How to Make Filler or Caulk Look Like Real Wood

June 1, 2024
Applying liquid wood

Did you know that you can make non-stainable fillers like Bondo and caulk look like real wood—and that you can even STAIN them? I’ll show you how to use all of the tricks of faux bois to make your project look clean and seamless.

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Project supply list

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Step 1: Prep your surface

If you’re using a sandable filler like Bondo or Durham’s Water Putty, be sure to sand it flush to the surface of the surrounding wood. If desired, you can use carving tools to create wood grain in your filler and mimic the texture of adjacent material. Thoroughly remove loose particles with a stiff brush or compressed air, and dust with a tack cloth to prep your filler for Step 2.

If you’re using caulk, be sure that it’s paintable caulk. This hack will not work with non-paintable caulks like silicone. To prep your caulk for Step 2, make sure that it’s dry and clear of dust using a tack cloth or compressed air.

Step 2: Paint on liquid wood

Once your surface is clean, you’re ready to apply the liquid wood. This is the product that makes this whole process possible. Essentially, it’s a mixture with suspended wood particles that you can paint on to almost any surface. When the liquid evaporates, it leaves behind the wood particles, and you can stain them just like solid wood.

If the wood you want to match is on the lighter side like unstained white oak or maple, use light liquid wood. If it’s on the darker side like walnut or a darkly stained wood, use dark liquid wood. The wood particles tend to separate from the bonding liquid as the product sits, so be sure to stir the liquid wood thoroughly before applying it.

Apply with a small paintbrush to your filler or caulk. It may require two coats to get solid coverage. You can sand lightly with 320 grit sandpaper in between if you want a super smooth finish.

Step 3: Stain liquid wood

Be aware that liquid wood cannot be stained with penetrating stains, which are often oil-based. An exception to this is gel stains, which are oil-based but non-penetrating. You can use a gel stain or a non-penetrating water-based stain—for the latter, I prefer this brand.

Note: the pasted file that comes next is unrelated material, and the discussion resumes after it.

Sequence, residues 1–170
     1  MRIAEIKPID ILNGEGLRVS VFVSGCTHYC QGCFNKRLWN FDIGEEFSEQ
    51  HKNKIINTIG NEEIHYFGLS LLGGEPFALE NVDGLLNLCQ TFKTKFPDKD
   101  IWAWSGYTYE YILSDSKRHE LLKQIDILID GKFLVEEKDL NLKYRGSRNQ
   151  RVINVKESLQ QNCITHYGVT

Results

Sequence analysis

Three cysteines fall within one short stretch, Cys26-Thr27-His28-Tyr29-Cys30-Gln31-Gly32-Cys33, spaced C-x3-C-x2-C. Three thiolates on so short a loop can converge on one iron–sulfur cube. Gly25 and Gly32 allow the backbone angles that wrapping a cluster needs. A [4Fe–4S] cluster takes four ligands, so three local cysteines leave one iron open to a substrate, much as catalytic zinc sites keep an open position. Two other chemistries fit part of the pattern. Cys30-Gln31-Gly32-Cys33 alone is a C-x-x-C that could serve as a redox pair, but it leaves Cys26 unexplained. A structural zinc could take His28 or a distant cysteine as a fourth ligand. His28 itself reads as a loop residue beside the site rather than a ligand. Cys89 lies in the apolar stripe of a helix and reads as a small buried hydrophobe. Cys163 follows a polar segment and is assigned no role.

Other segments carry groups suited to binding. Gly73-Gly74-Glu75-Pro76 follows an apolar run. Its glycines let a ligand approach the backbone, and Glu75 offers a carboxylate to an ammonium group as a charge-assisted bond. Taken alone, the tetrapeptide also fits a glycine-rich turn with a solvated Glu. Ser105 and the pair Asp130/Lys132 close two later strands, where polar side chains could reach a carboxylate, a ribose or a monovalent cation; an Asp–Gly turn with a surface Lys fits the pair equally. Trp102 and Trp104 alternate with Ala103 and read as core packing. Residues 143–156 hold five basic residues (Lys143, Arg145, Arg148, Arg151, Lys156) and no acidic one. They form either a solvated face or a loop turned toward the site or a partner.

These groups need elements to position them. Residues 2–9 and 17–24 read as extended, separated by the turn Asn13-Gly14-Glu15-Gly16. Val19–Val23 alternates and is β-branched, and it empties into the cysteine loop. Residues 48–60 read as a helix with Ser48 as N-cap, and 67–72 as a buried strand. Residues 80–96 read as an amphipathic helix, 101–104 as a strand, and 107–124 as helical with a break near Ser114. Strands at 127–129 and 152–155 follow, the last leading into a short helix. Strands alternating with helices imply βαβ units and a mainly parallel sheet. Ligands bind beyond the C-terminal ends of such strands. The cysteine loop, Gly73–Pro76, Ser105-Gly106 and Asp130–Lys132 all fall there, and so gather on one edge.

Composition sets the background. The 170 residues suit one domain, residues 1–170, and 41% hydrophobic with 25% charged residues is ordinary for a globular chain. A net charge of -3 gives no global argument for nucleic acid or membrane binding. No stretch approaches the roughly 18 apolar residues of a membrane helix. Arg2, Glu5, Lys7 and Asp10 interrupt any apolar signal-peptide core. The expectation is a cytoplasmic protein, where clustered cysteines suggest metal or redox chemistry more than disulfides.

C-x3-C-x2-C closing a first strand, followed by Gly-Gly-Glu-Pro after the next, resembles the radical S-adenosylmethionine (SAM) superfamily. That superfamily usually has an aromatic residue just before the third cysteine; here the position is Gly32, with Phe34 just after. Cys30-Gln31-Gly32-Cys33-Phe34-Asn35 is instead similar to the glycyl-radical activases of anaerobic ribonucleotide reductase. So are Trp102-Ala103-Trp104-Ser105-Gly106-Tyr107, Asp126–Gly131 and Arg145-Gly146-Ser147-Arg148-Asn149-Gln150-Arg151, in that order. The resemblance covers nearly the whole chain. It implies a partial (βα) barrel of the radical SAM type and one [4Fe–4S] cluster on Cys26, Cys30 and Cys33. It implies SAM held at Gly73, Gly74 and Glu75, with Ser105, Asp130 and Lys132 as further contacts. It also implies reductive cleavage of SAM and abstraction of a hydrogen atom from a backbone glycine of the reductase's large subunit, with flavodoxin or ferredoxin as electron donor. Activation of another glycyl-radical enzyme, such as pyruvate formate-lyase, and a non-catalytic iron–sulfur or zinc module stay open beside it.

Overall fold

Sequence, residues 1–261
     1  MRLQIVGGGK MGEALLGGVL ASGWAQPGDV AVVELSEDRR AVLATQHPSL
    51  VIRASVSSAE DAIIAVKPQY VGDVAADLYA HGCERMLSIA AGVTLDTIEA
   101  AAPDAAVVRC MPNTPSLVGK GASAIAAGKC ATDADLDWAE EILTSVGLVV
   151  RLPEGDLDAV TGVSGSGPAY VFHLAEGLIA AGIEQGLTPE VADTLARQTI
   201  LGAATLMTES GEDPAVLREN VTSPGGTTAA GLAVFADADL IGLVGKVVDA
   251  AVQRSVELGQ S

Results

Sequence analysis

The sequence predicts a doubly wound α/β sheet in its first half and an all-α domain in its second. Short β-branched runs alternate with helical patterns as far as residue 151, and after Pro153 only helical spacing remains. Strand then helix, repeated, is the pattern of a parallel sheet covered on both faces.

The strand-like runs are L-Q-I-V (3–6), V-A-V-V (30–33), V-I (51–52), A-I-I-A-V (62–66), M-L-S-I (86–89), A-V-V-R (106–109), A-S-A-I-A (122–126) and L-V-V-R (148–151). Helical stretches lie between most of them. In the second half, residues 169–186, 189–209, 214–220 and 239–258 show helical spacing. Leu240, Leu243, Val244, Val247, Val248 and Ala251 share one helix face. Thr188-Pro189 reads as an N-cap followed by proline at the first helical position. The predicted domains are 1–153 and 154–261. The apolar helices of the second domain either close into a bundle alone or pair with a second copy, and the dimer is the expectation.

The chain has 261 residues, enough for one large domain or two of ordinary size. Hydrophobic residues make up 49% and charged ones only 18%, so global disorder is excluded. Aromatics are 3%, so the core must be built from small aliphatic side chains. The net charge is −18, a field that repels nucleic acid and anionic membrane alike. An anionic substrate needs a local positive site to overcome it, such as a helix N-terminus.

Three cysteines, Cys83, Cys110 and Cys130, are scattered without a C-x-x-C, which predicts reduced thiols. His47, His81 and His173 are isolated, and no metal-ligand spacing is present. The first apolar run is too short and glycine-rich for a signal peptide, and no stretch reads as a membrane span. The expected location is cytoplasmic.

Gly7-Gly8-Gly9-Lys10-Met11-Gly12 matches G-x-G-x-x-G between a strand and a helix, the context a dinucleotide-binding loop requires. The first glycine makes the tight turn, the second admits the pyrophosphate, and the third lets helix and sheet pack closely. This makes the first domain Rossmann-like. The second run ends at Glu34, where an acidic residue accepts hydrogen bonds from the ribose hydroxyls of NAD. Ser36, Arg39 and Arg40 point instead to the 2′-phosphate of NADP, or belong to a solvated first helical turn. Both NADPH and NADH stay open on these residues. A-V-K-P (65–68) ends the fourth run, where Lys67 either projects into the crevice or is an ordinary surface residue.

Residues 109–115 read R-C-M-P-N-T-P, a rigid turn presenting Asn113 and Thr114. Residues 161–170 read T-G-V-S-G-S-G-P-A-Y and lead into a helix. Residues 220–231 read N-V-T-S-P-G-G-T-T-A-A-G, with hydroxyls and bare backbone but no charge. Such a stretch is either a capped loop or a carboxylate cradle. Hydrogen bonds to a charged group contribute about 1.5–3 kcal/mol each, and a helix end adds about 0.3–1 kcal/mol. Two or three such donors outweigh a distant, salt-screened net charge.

For your first coat of stain, apply it with a paintbrush to the liquid wood area. To help disguise your filler, you can use a staining sponge to blend the stain out into the surrounding wood to make the patched area less obvious. Then apply your second coat just to the patched area to ensure you get enough color coverage. If you’ve ever applied concealer to a pimple, the concept is pretty much the same: You want full coverage on the spot while seamlessly blending it into its surroundings.

Step 4: Seal liquid wood

Once dry, liquid wood doesn’t rub off easily, but it’s still not super durable. Especially if your patch is outside, in a high traffic area, or in an area that needs to be cleaned frequently, you’ll want to seal it. You can use any kind of sealant for this.

For ease on my outdoor project, I used a clear spray paint enamel. But inside, I’d suggest using a mild water-based sealant like polycrylic that won’t yellow or darken with time and change the color of your patch. Be sure to pick a sheen that matches your surrounding wood, and test it first to make sure it’s accurate. I find that Minwax polycrylic sheens are much shinier than I’d expect. Matte looks like satin to me. So if you want a true flat finish, I recommend this dead flat topcoat instead.

Step 5: Step back and admire

Finished product

It really is that simple to make non-wood fillers look like real wood. And in fact, because you’re using liquid wood, the fillers are partially wood now, too!

If you want to learn how to faux bois more surfaces and even create wood grain on doors to make them look like solid wood, check out the Faux Bois lesson in my course DIY Renovation for Beginners.

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